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Art News Daily

Government Art Collection criticised for gender bias

Plus: Kurt Schwitters’s Merz Barn may leave present site | DCMS places export bar on Guardi Venice scene | Bruce Halle (1930-2018) | and recommended reading

8 January 2018

Our daily round-up of news from the art world

Government Art Collection in the UK criticised for gender bias | The shadow arts minister, Kevin Brennan, has criticised the UK government’s art collection of ‘institutional bias’ against female artists, reports the Guardian. Research conducted by the party indicates that around 265 works by male artists were collected over the past five years for which data is available (2011–12; 2015–16), with only 80 acquisitions by female artists made during that period. ‘Only about a quarter of the work acquired by the government art collection in recent years is by women’, said Brennan. The Guardian reports the DCMS’s explanation that the discrepancy is in largely due to the purchase of several works by three male artists: Herbert Arnould Olivier, Michael Craig-Martin and Phil Shaw.

Antiquities seized from New York home of Michael H. Steinhardt | On Friday afternoon, investigators in New York raided the house of the billionaire collector and philanthropist Michael H. Steinhardt and removed several antiquities which are alleged to have been looted from Greece or Italy. Neither Michael H. Steinhardt nor the district attorney’s office have commented on the seizure yet.

Eugene Thaw (1927–2018) | The art collector and dealer Eugene Thaw has died at the age of 90. Thaw was one of the leading dealers of his generation, setting up a gallery in New York in the early 1950s specialised in old and modern masters. In the same decade, Thaw began to acquire drawings, gradually amassing a collection that, from the 1970s, he began to donate to the Morgan Library and Museum in New York, and which numbers some 400 sheets.

Kurt Schwitters’s Merz Barn may leave present site | An unnamed Chinese art collector has expressed interest in acquiring Kurt Schwitters’s ‘Merz Barn’, prompting fears that it may moved from current site in the Great Langdale valley, Cumbria. Left unfinished when the artist died in 1948, the barn was the final and most ambitious of Schwitters’s ‘Merz Bau’ projects. The Sunday Times (£) reports that the trust that owns it has been unable to find funding for its upkeep, and is thought to be considering offers of ‘around £350,000’. For more on Schwitters and his Merz Barn, see here.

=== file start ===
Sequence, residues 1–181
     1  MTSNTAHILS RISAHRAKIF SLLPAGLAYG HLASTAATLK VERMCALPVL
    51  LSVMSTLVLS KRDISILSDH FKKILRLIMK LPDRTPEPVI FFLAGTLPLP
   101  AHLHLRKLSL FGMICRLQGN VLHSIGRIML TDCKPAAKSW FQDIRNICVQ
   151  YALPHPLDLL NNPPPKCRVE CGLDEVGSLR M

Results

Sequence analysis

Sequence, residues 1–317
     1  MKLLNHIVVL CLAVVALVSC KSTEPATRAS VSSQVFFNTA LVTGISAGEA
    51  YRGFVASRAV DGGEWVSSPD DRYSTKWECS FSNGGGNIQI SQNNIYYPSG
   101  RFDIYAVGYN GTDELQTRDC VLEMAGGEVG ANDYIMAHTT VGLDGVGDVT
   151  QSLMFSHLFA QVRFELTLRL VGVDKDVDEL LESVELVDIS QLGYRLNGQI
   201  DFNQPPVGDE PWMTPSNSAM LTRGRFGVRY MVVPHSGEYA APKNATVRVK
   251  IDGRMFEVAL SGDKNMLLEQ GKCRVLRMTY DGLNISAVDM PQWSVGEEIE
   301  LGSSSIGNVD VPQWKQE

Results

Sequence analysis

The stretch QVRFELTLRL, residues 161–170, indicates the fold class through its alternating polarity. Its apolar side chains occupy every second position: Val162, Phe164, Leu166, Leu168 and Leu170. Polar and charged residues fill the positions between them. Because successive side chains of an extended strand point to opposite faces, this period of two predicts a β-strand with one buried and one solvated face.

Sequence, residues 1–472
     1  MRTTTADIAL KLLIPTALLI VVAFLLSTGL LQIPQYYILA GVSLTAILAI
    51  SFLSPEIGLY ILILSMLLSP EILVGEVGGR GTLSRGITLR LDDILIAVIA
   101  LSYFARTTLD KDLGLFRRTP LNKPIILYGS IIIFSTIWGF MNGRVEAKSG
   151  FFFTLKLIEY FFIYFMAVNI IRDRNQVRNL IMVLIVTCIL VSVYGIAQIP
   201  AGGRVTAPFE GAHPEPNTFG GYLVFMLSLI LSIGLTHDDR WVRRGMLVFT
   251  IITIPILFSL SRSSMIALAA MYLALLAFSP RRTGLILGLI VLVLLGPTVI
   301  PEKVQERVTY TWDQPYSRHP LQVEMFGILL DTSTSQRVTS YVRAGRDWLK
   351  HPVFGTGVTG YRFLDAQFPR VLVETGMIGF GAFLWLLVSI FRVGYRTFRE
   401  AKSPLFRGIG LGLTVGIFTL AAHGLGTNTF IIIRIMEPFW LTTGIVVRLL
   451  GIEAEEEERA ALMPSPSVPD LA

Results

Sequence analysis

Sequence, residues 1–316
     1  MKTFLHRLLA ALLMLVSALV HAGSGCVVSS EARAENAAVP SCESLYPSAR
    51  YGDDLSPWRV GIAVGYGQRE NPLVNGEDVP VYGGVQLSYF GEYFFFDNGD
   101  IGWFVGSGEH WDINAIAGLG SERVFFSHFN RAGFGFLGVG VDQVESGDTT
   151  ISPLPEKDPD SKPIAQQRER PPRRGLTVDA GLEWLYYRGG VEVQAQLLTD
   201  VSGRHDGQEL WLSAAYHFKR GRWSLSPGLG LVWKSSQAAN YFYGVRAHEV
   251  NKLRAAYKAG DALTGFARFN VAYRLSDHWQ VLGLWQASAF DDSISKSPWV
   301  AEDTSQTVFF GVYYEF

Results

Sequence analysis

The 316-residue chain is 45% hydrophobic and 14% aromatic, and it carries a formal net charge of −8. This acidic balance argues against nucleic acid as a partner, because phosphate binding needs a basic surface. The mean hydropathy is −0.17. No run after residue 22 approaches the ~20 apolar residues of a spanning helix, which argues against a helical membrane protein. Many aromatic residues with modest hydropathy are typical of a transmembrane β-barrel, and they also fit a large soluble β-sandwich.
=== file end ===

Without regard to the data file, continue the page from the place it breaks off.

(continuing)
DCMS places export bar on Guardi Venice scene | UK arts minister John Glen has placed a temporary export bar on a Francesco Guardi painting that was sold to an overseas buyer last year for more than £26m. Entitled Rialto Bridge with the Palazzo dei Camerlenghi, the painting is considered Guardi’s masterpiece, and had been owned by the Guinness family for several generations. A decision on an export licence has been deferred until July, allowing time for potential buyers within the UK to come forward.

Bruce Halle (1930–2018) | Businessman and art collector Bruce Halle has died at the age of 87. Halle, who founded the tire and wheel retailer Discount Tire, was along with his wife Diane a major collector of Latin American art. Together, they built a collection of more than 500 works by artists including Jac Leirner, Felix Gonzales-Torres and Lygia Clark, lending pieces to institutions including the Art Institute of Chicago and the Phoenix Art Museum.

Recommended reading | In the Observer, Laura Cumming praises a ‘momentous’ exhibition of contemporary art from the Arab world at Nottingham Contemporary. On Quartz, Annie Malcolm visits Shenzhen (see above) and reports on the ‘art villages’ taking shape across China’s former industrial heartlands. In the New Yorker, Vinson Cunningham speaks to the artist Stanford Biggers, while on ArtNet, Tim Schneider looks at the arguments against the Met’s decision to introduce a mandatory entrance fee and argues that we should ‘focus less on political gestures made inside galleries than on organizing for social causes outside of them’.

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